I definitely want to share about the queer politics of death making and creating death, embodied particularly by the homo sacer (Agamben 2004). The homo sacer, according to Roman law: is someone who is banned/exiled and may be killed by anyone, but their death does not count as a religious sacrifice and therefore does not meet the criteria for proper burial or mourning. For many contemporary scholars have named life in terms of “those whose life matters”, “those whose life is precious”, and “those whose life is precarious.” In almost exact terms, Butler describes well the political connectedness, and thus militaristic, between life and death, distinguishing between those who are allowed to live and those who are let to die. Citing the Advocate,
At press time, 21 transgender women have been murdered this year alone, most of them women of color — with one additional victim whose gender identity has been disputed in press reports and among family members and activists. That exceeds the number of transgender women killed in the U.S. in all of 2014, though neither of these totals account for individuals whose deaths were not reported or investigated, nor for victims who were misgendered or not regarded as trans women in death.
Transwomyn – specifically Black transwoymn – are highly susceptible to living in a perpetual condition of vulnerability (housing and workplace discrimination, unsupportive family and community members, education deficit, low access to physical and mental healthcare, etc.). We know this! This is not news. Similar to knowing the increasing rate of new HIV cases among Black men, queer or otherwise in this country and Black men subsequently dying from an AIDS related illness – we know this too. We know of the US military drone strikes and incalculable weapons and bioagents created for the extermination of Black and Brown bodies not only in the Middle East, but right here in the United States. And yet, we do not feel complicit in this violence.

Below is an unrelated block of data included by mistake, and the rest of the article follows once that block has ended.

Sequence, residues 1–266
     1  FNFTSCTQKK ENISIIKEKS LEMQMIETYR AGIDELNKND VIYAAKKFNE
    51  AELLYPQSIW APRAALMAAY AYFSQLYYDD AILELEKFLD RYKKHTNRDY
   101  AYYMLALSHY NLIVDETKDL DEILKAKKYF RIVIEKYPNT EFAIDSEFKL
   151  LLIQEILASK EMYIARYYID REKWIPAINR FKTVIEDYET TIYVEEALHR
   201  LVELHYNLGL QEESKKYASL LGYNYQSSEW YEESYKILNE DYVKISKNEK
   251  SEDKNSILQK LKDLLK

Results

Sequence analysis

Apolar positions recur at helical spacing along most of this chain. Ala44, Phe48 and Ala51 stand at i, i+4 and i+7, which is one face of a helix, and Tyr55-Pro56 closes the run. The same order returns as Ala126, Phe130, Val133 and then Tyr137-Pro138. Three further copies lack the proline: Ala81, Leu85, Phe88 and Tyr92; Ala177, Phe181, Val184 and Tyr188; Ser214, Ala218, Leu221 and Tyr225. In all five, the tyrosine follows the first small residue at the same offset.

We mourn/grieve/pray for some but not all. We question the responsibility of the death makers in times of outstanding catastrophe, such as in Paris – but in contrast reluctantly in Beruit.
In her essay, Killing me softly with your rights, Shakhsari concludes observing the transgender and transexual refugee, and while her focus is upon Iran, contemporary discussion on the placement of Syrian refugees in the “Global North” considers the opportunity and livelihood for queer and/or genderqueer individuals. The juxtaposition, Shakhsari is describing in her title sets the US as a home for gay rights against a backdrop of an oppressive Muslim theatre. In this dichotomy, the US has created supposed “freedom” for LGBT people amidst death and violence occurring elsewhere. The US does not have a problem with LGBT people, it proclaims!, but does the backward Middle East. If this makes sense, the idea that the US reifies their nationalist state, equipping gays and lesbians in the US with a spirit of queer pride (nationalism) and a second spirit of dissent toward refugees, despite the lack of freedoms these marginalized groups have themselves. In other words, by creating a strict, religiously fundamental anti-LGBT Middle East, the US has found backing and support from its most marginalized group.